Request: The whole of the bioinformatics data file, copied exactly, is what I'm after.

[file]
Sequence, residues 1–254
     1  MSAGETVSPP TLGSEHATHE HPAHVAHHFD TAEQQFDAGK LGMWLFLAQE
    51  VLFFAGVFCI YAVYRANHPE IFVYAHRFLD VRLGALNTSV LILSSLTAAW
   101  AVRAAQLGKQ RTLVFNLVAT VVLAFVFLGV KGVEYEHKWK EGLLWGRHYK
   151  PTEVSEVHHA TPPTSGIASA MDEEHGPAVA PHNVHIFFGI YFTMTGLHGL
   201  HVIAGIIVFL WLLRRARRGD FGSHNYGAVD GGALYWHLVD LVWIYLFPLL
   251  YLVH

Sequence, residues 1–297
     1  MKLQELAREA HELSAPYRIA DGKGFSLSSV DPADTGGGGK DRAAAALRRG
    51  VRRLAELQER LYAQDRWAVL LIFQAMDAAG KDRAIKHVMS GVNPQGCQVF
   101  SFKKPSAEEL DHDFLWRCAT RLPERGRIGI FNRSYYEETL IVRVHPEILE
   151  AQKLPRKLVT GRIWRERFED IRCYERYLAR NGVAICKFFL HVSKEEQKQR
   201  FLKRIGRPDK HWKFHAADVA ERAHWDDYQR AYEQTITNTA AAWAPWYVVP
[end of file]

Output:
Sequence, residues 1–254
     1  MSAGETVSPP TLGSEHATHE HPAHVAHHFD TAEQQFDAGK LGMWLFLAQE
    51  VLFFAGVFCI YAVYRANHPE IFVYAHRFLD VRLGALNTSV LILSSLTAAW
   101  AVRAAQLGKQ RTLVFNLVAT VVLAFVFLGV KGVEYEHKWK EGLLWGRHYK
   151  PTEVSEVHHA TPPTSGIASA MDEEHGPAVA PHNVHIFFGI YFTMTGLHGL
   201  HVIAGIIVFL WLLRRARRGD FGSHNYGAVD GGALYWHLVD LVWIYLFPLL
   251  YLVH

Sequence, residues 1–297
     1  MKLQELAREA HELSAPYRIA DGKGFSLSSV DPADTGGGGK DRAAAALRRG
    51  VRRLAELQER LYAQDRWAVL LIFQAMDAAG KDRAIKHVMS GVNPQGCQVF
   101  SFKKPSAEEL DHDFLWRCAT RLPERGRIGI FNRSYYEETL IVRVHPEILE
   151  AQKLPRKLVT GRIWRERFED IRCYERYLAR NGVAICKFFL HVSKEEQKQR
   201  FLKRIGRPDK HWKFHAADVA ERAHWDDYQR AYEQTITNTA AAWAPWYVVP